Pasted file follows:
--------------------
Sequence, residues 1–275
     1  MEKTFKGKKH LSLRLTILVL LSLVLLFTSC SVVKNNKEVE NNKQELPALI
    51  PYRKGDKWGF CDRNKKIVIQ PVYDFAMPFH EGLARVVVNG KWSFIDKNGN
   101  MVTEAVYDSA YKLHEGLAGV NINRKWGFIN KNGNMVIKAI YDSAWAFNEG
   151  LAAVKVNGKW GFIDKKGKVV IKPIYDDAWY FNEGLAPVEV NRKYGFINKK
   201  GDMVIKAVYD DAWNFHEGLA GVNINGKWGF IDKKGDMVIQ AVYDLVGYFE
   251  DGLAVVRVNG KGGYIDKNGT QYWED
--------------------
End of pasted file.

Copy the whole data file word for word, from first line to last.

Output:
Sequence, residues 1–275
     1  MEKTFKGKKH LSLRLTILVL LSLVLLFTSC SVVKNNKEVE NNKQELPALI
    51  PYRKGDKWGF CDRNKKIVIQ PVYDFAMPFH EGLARVVVNG KWSFIDKNGN
   101  MVTEAVYDSA YKLHEGLAGV NINRKWGFIN KNGNMVIKAI YDSAWAFNEG
   151  LAAVKVNGKW GFIDKKGKVV IKPIYDDAWY FNEGLAPVEV NRKYGFINKK
   201  GDMVIKAVYD DAWNFHEGLA GVNINGKWGF IDKKGDMVIQ AVYDLVGYFE
   251  DGLAVVRVNG KGGYIDKNGT QYWED